BONNARD AND VUILLARD REUNITED IN LE CANNET THIS SUMMER

L’expo de l’été à ne pas manquer au Cannet. The not-to-be missed summer exhibition in Le Cannet!

Pierre Bonnard would have turned 150 this year, and the museum that bears his name in Le Cannet is celebrating this milestone with a special summer-long exhibition.

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This exhibition, ‘BONNARD/VUILLARD La collection Zeïneb et Jean-Pierre Marcie-Rivière’,is centered around masterpieces on loan from the Musée d’Orsay. In total, 25 of Bonnard’s paintings and 94 of his drawings, as well as 24 paintings, 3 pastels and 2 drawings by Édouard Vuillard, taken from the collection of Zeïneb and Jean-Pierre Marcie-Rivière that was generously donated to the Parisian museum, are on display, showing the friendship and close artistic bond that existed between the two artists at the time of the Nabi Movement.

The two met at the École Nationale Supérieure des Beaux-Arts in Paris, and remained friends until the death of Vuillard in 1940, which devastated Bonnard. As Vuillard wrote in his last letter to his friend on the 4th May of that year: “If I wrote to you every time I think about you, our past, painting, etc., you would have enough letters to fill a library”.

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Throughout the years, they shared their discoveries and experimentations, but also friends and exhibitions. In the 1890’s, they had both taken an interest in the same subjects, with a preference for intimate scenes representing their daily surroundings, with furniture and accessories playing the most important role. They also both adopted a very similar, evocative style, favouring small formats, mysterious compositions, and images from the avant-garde symbolist theatre and the music of Wagner.

The exhibition clearly demonstrates the affinities between the two men and the similarities in their artistic approach, by creating a link between the various artworks. But it also shows their differences. For instance, where Bonnard’s radiant nudes were usually bathed in light, Vuillard, who observed his models from a distance in the privacy of their homes, preferred instead to represent them as ghost-like figures.

The exhibit, “BONNARD/VUILLARD La collection Zeïneb et Jean-Pierre Marcie-Rivière” runs until the 17th of September at the Musée Bonnard in Le Cannet.

CONTACT DETAILS
Musée Bonnard
16, boulevard Sadi Carnot
06110 Le Cannet

Tel: +33 4 93 94 06 06

Open from Tuesday to Sunday, 10am to 6pm

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IT’S GOING TO BE RAINING CATS AND DOGS IN LE CANNET THIS JULY

Une autre expo  voir cet été sur la Côte d’Azur…Cette fois au Cannet. Another exhibit to see this Summer on the French Riviera…This time in Le Cannet.

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Pierre Bonnard’s love for animals is to be celebrated this summer with a special exhibition by his eponymous museum in Le Cannet.

While the musée Chagall in Nice is currently reflecting on the influence of music in the Russian painter’s work, the musée Bonnard in Le Cannet will be presenting an exhibition entitled ‘Entre chiens et chats – Bonnard et l’animalité’, focussing on Monsieur Bonnard’s love of animals, starting this July.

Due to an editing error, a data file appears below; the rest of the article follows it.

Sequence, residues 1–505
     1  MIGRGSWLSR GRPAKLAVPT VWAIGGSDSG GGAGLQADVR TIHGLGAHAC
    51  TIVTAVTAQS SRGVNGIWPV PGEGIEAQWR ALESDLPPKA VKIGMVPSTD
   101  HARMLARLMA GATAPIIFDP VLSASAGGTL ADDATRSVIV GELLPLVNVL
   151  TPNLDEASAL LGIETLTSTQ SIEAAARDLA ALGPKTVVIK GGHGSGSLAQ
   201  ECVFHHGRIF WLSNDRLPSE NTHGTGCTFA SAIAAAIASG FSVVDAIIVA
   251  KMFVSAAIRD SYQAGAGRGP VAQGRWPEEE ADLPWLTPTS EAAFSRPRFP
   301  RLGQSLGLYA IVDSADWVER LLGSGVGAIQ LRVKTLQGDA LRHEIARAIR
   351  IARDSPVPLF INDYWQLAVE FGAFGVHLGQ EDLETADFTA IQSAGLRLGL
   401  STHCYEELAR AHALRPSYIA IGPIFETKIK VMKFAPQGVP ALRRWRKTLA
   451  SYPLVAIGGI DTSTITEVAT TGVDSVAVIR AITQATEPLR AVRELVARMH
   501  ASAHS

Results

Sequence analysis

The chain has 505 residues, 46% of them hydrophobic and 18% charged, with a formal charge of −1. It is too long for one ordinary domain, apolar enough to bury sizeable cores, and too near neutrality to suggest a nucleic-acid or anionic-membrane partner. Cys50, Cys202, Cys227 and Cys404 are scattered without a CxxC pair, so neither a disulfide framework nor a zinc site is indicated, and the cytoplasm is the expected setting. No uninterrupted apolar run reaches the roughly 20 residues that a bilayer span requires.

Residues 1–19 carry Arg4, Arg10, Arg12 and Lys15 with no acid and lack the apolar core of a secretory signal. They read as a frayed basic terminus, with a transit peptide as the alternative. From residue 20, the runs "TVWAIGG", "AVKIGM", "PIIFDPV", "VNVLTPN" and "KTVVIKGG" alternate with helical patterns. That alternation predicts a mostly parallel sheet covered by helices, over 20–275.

Featuring more than 50 œuvres, including works on loan from the musée d’Orsay in Paris, the Ny Carlsberg Glyptotek in Copenhagen, and the Kunsthalle of Bremen in Germany, the exhibit will revolve around the Nabi period and paintings of the artist’s long-time companion, Marthe de Méligny, alongside her pets.

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Perhaps best known for his interior and urban scenes, with intense, high-keyed colours, Bonnard also produced many landscapes towards the end of his career, as well as designing furniture, developing textile patterns, making puppets for puppet shows, and illustrating books.

Born just outside of Paris in 1867 to a well-to-do family, Pierre Bonnard came of age when Impressionism was at its height, but after studying at the Académie Julian, a liberal Parisian art school, he teamed up with a group of young painters, greatly influenced by Paul Gauguin and in search of an art independent of external reality.

This group of artists, which called themselves the Nabis, or prophets, believed that colours should be used independently of objective reality, and that a painting should tend towards dreams. Bonnard created many of his scenes, not from life, but from his memory or imagination, putting a lot of emphasis on light, space and shapes. His canvasses were worked and re-worked to capture the spirit of the moment rather than the exact person or place.

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There is definitely an outsider quality to his work, and one can feel the emotional connection between man and animal in all his paintings.

The exhibition ‘Entre chiens et chats – Bonnard et l’animalité’ runs from the 2nd of July to the 6th of November. Tickets cost from €5.

The museum is open daily from 10am to 8pm (9pm on Thursdays, closed Mondays) throughout July and August, and from 10am to 6pm from September onwards.

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CONTACT DETAILS
Musée Bonnard
16, boulevard Sadi Carnot
06110 Le Cannet

Tel: + 33 4 93 94 06 06

All images courtesy Musée Bonnard; Bonnard et son chien Black, 1905 – 1910, photographie Musée d’Orsay, Paris © Photo Musée d’Orsay / RMN; Pierre Bonnard, La Femme au chat vers 1912, Musée d’Orsay, Paris © Adagp, Paris 2016 © Photo Musée d’Orsay / RMN / H. Lewandowski; Pierre Bonnard, Le Basset sur la chaise, vers 1921, Collection particulière © Adagp, Paris 2016